#315Albums is a list of 315 albums that appear on both the Rolling Stone’s 500 Greatest Albums of All Time list, as well as the 1001 Albums You Must Hear Before You Die book, edited by Robert Dimery. At its best, it is a representation of some of the greatest music ever released; at its worst, it is a journey through the history of music that the majority see as important, influential, and/or relevant. If nothing else, these albums are worth experiencing at least once to get a better understanding of music, which is why we are working to complete all #315Albums.
“The Who debuted in maximum R&B mode: power-chorded reductions of James Brown ballads. When a manager badgered Pete Townshend into beefing up his laid-back demo of ‘My Generation,’ the resulting explosion knocked a hole in the future.”
Artist: The Who
Album: My Generation
Rolling Stones Ranking: 237
The Who is a great band. I’m a huge fan of Tommy, and really enjoyed the film Quadrophenia, mostly because of the soundtrack (it would be entirely missable otherwise). My Generation has a handful of tracks that feel more like “generic rock song” than those of the other two, and that’s the album’s biggest weakness. Still, I enjoyed the opening track, Out in the Street quite a bit, and Much Too Much stands out as unique. The titular My Generation is definitely the strongest, most memorable track on the album. There isn’t really a bad track here, but it didn’t hit me in the same way that something like Tommy did.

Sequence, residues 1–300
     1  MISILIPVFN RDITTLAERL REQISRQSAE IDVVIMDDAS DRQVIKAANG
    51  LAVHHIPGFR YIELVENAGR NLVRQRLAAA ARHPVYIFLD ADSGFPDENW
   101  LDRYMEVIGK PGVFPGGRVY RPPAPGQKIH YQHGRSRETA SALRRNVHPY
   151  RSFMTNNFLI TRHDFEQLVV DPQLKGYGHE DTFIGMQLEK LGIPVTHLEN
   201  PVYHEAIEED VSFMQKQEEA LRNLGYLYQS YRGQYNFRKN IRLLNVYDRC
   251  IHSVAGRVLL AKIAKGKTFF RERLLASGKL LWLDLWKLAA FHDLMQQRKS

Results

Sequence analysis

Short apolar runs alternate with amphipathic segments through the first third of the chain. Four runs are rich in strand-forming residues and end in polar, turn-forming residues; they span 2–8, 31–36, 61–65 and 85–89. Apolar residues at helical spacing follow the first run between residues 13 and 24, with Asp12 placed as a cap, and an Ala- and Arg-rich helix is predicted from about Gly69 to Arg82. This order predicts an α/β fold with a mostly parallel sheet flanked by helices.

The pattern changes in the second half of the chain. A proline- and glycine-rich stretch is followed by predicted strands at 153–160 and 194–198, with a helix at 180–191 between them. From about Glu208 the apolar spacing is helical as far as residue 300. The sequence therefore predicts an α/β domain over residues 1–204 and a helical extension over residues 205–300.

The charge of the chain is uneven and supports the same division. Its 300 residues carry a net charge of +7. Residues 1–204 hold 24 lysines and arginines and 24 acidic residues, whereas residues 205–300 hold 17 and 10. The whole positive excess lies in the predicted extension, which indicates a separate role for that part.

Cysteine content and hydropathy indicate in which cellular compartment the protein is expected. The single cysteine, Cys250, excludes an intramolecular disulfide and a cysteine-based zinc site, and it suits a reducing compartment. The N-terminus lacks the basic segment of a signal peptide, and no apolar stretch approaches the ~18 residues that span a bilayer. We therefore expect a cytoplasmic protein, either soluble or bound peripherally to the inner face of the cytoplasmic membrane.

Image and quote courtesy of Rolling Stone Magazine.
Branden has been a film fan since he was young, roaming the halls of Blockbuster Video, trying to find the grossest, scariest looking VHS covers to rent and watch alone in the basement. It wasn’t until recently, though, that Branden started seeking out the classics of cinema, and began to develop his true passion for the art form. Branden approaches each film with the unique perspective of having studied the art from the inside, having both a bachelor’s and master’s degree in acting. He has been a film critic since 2010, and has previously written for Inside Pulse Movies, We Love Cult, and Diehard Gamefan. His biggest achievement as a film critic, to date, has been founding Cinefessions and turning it from a personal blog to a true film website, housing hundreds of film and television reviews, and dozens of podcasts.